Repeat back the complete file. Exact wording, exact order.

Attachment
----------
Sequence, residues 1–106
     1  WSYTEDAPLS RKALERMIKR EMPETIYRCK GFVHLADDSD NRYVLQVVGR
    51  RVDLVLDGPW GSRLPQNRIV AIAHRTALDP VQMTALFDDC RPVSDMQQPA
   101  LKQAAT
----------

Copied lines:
Sequence, residues 1–106
     1  WSYTEDAPLS RKALERMIKR EMPETIYRCK GFVHLADDSD NRYVLQVVGR
    51  RVDLVLDGPW GSRLPQNRIV AIAHRTALDP VQMTALFDDC RPVSDMQQPA
   101  LKQAAT